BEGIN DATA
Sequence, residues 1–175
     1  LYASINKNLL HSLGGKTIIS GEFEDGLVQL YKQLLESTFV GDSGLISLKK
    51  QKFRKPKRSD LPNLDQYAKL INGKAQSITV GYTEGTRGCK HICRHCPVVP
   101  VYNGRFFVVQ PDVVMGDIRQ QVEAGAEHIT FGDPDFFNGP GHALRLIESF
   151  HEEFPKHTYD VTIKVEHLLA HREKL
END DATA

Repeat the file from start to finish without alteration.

Sequence, residues 1–175
     1  LYASINKNLL HSLGGKTIIS GEFEDGLVQL YKQLLESTFV GDSGLISLKK
    51  QKFRKPKRSD LPNLDQYAKL INGKAQSITV GYTEGTRGCK HICRHCPVVP
   101  VYNGRFFVVQ PDVVMGDIRQ QVEAGAEHIT FGDPDFFNGP GHALRLIESF
   151  HEEFPKHTYD VTIKVEHLLA HREKL